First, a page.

Robert Basic's blog

Posts tagged 'nginx'

PHP-FPM security limit extensions issue

by Robert Basic on February 03, 2017.

For the first time ever I saw this error:

2017/02/03 11:45:04 [error] 14656#0: *1 FastCGI sent in stderr: "Access to the script '/var/www/web' has been
denied (see security.limit_extensions)" while reading response header from upstream, client:, server:
proj.loc, request: "GET / HTTP/1.1", upstream: "fastcgi://unix:/var/run/php-fpm/www.sock:", host: "proj.loc"

I mean… what? security.limit_extensions? I honestly never heard of this before.

The PHP manual describes it as:

Limits the extensions of the main script FPM will allow to parse. This can prevent configuration mistakes on the web server side. You should only limit FPM to .php extensions to prevent malicious users to use other extensions to execute php code. Default value: .php .phar

Basically to avoid executing what an application might consider as a non-PHP file as a PHP file.

OK, cool, but why am I getting this error?

The currently top answer on Google suggests setting the list of limited extensions to an empty string, to practically disable the security.limit_extensions configuration. That fixes the error, but I’m really not comfortable with setting a security related configuration to a blank value, especially when people smarter than me set that configuration to a sane default value.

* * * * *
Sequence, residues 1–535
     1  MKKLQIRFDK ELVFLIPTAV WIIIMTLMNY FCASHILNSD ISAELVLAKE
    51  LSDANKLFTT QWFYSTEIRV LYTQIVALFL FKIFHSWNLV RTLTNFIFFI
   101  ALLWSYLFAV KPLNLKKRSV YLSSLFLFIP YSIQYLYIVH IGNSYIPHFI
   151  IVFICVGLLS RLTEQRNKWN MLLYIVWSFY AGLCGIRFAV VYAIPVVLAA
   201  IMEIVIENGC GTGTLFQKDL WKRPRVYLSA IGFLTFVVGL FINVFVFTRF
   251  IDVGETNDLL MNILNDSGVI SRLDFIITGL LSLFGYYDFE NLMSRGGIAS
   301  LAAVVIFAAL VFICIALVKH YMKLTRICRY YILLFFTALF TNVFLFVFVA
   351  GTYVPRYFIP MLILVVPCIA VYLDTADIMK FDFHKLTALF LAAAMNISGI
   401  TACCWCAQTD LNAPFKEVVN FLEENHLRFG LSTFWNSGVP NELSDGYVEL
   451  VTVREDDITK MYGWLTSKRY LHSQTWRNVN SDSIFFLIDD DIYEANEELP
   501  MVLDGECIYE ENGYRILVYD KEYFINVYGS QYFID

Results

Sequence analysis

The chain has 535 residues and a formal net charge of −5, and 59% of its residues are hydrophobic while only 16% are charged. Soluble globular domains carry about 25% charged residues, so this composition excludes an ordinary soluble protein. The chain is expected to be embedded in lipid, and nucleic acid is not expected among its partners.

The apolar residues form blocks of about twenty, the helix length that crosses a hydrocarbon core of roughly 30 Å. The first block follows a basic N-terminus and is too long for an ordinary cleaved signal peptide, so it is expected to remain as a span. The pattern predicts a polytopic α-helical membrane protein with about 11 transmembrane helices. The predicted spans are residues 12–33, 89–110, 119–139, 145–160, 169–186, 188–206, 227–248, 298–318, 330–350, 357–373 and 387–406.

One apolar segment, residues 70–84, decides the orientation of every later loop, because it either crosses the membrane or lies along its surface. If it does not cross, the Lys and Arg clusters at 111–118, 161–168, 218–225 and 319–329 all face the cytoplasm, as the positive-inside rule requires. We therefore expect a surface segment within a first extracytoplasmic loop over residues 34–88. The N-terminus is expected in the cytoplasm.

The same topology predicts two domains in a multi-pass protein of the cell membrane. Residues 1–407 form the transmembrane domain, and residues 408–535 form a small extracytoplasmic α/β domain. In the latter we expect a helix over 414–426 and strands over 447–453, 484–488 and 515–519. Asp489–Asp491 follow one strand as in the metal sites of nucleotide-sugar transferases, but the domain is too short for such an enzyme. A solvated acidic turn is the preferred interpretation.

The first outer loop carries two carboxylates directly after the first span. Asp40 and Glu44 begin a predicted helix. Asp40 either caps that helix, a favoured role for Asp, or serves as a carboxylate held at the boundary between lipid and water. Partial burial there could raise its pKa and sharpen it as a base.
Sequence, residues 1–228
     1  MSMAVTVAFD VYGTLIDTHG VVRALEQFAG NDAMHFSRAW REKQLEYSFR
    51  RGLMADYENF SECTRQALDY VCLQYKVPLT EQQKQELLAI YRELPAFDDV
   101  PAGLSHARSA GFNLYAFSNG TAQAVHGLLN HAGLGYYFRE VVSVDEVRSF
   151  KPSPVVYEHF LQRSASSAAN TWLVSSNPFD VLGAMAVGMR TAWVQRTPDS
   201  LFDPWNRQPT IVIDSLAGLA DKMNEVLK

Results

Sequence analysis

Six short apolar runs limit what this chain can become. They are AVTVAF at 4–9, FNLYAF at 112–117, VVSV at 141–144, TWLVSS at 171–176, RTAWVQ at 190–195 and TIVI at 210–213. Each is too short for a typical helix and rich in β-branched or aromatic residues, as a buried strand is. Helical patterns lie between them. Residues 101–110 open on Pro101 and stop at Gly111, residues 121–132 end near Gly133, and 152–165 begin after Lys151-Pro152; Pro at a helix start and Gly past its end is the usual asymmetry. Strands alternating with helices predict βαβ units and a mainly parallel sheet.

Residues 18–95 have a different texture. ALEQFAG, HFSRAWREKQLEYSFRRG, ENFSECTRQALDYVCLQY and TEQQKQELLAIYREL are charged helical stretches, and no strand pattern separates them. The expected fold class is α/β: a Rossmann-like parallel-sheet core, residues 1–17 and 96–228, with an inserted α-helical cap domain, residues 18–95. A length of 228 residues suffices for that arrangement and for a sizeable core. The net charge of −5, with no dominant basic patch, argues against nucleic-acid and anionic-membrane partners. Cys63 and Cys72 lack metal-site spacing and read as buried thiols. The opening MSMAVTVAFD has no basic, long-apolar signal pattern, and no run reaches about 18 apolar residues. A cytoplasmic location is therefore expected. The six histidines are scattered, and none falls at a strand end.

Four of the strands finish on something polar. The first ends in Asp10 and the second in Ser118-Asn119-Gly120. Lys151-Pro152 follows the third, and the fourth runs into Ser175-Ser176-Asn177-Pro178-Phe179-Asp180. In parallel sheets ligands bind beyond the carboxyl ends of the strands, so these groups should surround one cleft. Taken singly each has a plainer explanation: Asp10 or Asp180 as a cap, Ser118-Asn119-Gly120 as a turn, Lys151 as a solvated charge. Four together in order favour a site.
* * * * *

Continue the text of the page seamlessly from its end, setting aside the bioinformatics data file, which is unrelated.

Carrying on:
There must be a better, proper way to fix this, and this does feel like I misconfigured something in the nginx/php-fpm stack.

Accessing a folder as a script?

The Access to the script '/var/www/web' has been denied part of the error messages also looks weird. Why would php-fpm try to access /var/www/web, which is a directory, as a script? Seems like it doesn’t see the actual PHP script, and that sounds awfully similar to that old, dreaded No input file specified error message.

And that one is, in most cases, caused by not including the fastcgi.conf params file in the location block in the nginx configuration files. I double checked the configuration file and yup, I missed to include the fastcgi params file:

server {
    # configuration for the server
    location ~ \.php$ {
        # configuration for php
        include fastcgi.conf; # << I missed this!

I restarted nginx and everything works just fine, without touching the security.limit_extensions configuration.

Happy hackin’!

Tags: configuration, fastcgi, limit_extensions, nginx, php-fpm, security.
Categories: Development, Software.

Setting up SSL certificates with Let's Encrypt

by Robert Basic on July 06, 2016.

SSL Report Summary

This past week I finally got around to setting up SSL certificates using Let’s Encrypt. Let’s Encrypt is an open certificate authority that provides free SSL/TLS certificates. It’s goal is to make creating, renewing and using SSL certs painless.

And it most certainly is. I was expecting a lot more hassle to set up all this, but it was really easy to do.

Install certbot